It might be fifteen years ago that we took a family trip to Niagara Falls. The falls were spectacular, with lots of rumbling water and drifting spray, but I best remember seeing a B-17 as we drove along Route 20. Visibility was good under the clouds that were overcast at about 3000 feet, and there were a few lower clouds scattered around to give the gray view a bit of dimension. Amidst this rainy- day sky I was thrilled to see the B-17 and a P-40 come into view, grow bigger, and pass by close and low as we drove along.
We saw the plane again as it flew over Niagara falls two days later, and we saw it yet again as we neared Genesseo the next day. At that time, I had no involvement with aviation, but I had learned that the B-17 was based in Genesseo. The temptation was too great, and we made our first of many visits to the National Warplane Museum.
Back then it was quite informal, with planes parked in the grass and the one large hangar filled with working airplanes, repair jobs, and restorations. Ramshackle "T" hangars and a long wooden storage building held other miscellaneous treasures. There was a sort of grass-airport honor system whereby you could do most anything as long as you were careful and considerate. We climbed up into the B-17, the Fuddy Duddy, explored it unescorted, and took pictures of the kids in the pilots' seats, and then did the same thing in their PBY.
Even then, I felt lucky to have such a neat collection of "old iron" so close by, and I never dreamed that the museum would move to Big Flats and become what it is today. Neither did I think that someday the B-17 would fly over my house on such a regular basis that I might not even look up if it sounded too distant. Its passage has become a fixture of pleasant summer Sundays as I work in the shop or the yard. Although I might not look up, I always hear it, smile, and say a thank- you that I have heard the rumble of four big engines and propellers just one more time.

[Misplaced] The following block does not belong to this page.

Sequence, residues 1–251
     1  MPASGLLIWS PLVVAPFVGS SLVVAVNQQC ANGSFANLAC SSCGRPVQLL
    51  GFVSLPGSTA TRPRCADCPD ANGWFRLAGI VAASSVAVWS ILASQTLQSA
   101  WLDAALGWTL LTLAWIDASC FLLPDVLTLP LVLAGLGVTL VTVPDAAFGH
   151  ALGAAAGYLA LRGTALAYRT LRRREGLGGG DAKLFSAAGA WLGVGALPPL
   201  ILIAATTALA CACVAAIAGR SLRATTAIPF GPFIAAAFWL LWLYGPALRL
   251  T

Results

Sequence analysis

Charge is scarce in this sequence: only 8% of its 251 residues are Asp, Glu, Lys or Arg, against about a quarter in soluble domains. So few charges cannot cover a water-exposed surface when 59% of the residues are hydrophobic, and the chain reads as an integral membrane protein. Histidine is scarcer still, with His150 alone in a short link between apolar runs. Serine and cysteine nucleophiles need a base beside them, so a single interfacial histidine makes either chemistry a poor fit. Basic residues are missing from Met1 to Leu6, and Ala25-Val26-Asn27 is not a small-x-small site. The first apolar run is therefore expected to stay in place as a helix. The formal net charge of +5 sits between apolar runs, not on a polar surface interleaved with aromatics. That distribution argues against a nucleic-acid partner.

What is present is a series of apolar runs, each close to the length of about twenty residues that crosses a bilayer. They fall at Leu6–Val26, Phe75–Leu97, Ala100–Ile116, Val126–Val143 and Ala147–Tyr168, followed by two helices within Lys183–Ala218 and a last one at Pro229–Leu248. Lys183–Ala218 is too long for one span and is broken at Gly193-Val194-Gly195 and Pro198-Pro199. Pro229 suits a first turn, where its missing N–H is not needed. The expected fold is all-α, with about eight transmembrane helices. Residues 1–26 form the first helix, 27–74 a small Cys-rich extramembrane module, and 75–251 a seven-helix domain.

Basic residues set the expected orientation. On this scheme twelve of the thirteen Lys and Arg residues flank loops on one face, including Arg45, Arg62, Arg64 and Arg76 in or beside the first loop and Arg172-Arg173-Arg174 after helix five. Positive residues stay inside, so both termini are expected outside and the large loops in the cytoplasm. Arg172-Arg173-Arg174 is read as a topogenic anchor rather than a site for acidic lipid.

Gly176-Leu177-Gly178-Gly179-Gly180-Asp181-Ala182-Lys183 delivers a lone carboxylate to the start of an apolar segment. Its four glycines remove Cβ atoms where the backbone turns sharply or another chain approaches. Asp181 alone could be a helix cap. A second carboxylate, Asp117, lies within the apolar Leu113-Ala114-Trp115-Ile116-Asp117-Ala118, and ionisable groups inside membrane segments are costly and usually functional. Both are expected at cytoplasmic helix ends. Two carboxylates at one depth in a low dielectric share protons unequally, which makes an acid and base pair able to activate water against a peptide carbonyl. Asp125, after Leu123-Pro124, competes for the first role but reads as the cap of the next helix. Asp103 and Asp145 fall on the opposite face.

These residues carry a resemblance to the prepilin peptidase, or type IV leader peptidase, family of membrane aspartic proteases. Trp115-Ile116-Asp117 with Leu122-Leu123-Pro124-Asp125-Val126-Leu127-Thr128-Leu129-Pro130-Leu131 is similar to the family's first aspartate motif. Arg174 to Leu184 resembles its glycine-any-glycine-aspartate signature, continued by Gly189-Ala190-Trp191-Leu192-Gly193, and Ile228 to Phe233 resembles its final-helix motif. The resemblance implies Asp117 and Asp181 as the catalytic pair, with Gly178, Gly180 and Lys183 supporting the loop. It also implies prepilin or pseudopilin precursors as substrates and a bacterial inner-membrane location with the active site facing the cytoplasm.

Jets pass overhead too, but their stubby wings and their engine noise suggest that they make their way by artlessly burning a hole through the air. The Fuddy Duddy's long wide wings reach out and embrace the sky. It patiently floats on and off of the runway in comparison to the smoke and commotion that accompanies jets as they come and go. To me, it is as soothing as listening to a Johnny- Popper working a field, or the distant clip- clop of a horse and carriage.
The Museum moved in right next door while I was working at the Elmira Airport, and like any other sorts of neighbors, there was a steady flow of traffic between our back doors. In some ways it was like the old grass field days when you could fly in and sit right down during coffee break and share stories. My back- door privileges gave me a front row seat to all of the museum's restoration activities.
I no longer work at the airport, I just sort of pass through at odd hours. Usually the museum is closed when I am there, and seldom am I around when it is open. Sometimes though I am able to cross paths with the guys and catch up on things that are going on. Last week was interesting because they were working late to accommodate the arrivals of two Russian jets.
In a recent bit of horse- trading, the Museum acquired a MiG 21 in exchange for floor space for a MiG 17 restoration project. Everyone wins in this trade because we can view the -21 as a static display, and view the -17 as it is torn down and built back to flying condition. From time to time people all over the country will be able to see the Mig-17 in flight at airshows.
Last Sunday's dreary morning left me no excuse not to drive down and visit the museum, this time through the front door. I hadn't seen the B-57 since its completion, and there was a number of other things that I knew would be interesting to see in the restoration hangar. I had put off a visit for too long, and for that matter, my membership had been lapsed too long.
I will never be in a position to volunteer 40 hours a week in the restoration hangar like some people, but at least I can say a thank- you to the folks who do. I appreciate having so many beautiful airplanes on display, and I appreciate the sight and sound of the B-17 each time it passes overhead.
On a nice day, The Museum's B-17 will overfly my house on several siteseeing flights from the Elmira Airport to the southern edge of the Finger Lakes. Flights are made on Wednesdays, Saturdays, and Sundays during the summer.